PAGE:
The governor said a Wall Street Journal report that he telephoned New York Governor Andrew Cuomo to complain that Port Authority Executive Director Pat Foye, a Cuomo appointee, was asking too many questions about the incident is “categorically wrong.”
The transportation committee of the Democratic-controlled New Jersey Assembly, which held hearings on the lane closures, subpoenaed seven more individuals on Dec. 12 to answer questions.
“This was no ordinary traffic jam,” said Wendy Pollack, a spokeswoman for the New York-based Regional Plan Association, a nonpartisan urban planning group that influences regional transportation policy in New York, New Jersey and Connecticut.
“People understand that work hours are crowded,” Pollack said by telephone. “They don’t understand that public roadways can be blocked for no reason. There might have been an extraordinary abuse of power.”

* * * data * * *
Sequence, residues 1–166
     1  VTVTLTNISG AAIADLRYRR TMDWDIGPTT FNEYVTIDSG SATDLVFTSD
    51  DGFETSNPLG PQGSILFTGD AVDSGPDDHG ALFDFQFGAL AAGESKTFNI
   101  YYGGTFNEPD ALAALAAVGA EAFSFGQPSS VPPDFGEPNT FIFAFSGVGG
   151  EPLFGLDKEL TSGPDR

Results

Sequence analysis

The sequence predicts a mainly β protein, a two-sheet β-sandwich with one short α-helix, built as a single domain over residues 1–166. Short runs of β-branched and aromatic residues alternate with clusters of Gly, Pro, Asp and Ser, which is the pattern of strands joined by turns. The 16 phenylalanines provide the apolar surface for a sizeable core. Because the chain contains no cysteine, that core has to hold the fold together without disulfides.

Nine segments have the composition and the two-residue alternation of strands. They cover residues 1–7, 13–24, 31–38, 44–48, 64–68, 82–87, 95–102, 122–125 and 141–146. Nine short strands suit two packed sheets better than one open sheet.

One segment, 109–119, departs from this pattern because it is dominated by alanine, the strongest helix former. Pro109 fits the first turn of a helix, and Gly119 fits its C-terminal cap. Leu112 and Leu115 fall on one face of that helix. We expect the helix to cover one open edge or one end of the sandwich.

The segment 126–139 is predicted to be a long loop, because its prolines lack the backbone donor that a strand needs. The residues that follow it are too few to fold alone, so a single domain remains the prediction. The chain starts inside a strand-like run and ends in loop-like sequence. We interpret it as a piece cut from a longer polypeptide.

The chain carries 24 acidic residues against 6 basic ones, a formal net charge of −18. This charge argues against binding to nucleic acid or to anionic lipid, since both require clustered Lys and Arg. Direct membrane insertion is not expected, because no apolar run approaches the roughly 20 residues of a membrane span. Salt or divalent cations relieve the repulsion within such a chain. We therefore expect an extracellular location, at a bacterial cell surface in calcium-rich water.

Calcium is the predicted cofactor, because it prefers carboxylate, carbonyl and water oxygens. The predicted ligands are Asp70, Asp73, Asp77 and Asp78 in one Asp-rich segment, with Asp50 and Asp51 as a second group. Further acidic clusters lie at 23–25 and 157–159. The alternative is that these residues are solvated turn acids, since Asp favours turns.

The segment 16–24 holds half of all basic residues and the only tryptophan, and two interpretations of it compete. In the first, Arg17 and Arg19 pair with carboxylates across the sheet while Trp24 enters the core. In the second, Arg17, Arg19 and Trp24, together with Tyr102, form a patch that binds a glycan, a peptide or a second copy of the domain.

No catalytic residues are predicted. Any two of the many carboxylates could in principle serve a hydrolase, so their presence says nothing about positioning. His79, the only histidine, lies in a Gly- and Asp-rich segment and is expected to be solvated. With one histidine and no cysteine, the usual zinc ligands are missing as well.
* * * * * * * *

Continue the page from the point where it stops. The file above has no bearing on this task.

On Dec. 2, Christie joked with reporters in Trenton that he personally manipulated the bridge’s flow with traffic cones. Then he attacked two Democratic lawmakers -- Senate Majority Leader Loretta Weinberg from Teaneck, who represents Fort Lee, and Assemblyman John Wisniewski from Sayreville, chairman of the transportation committee -- as “obsessed with” the jams.
Weinberg said she didn’t believe Christie personally ordered the jam.
“I initially described this as a couple of frat boys sitting in their office, having a couple of beers and saying, ’I have an idea!’” Weinberg said in an interview Dec. 12.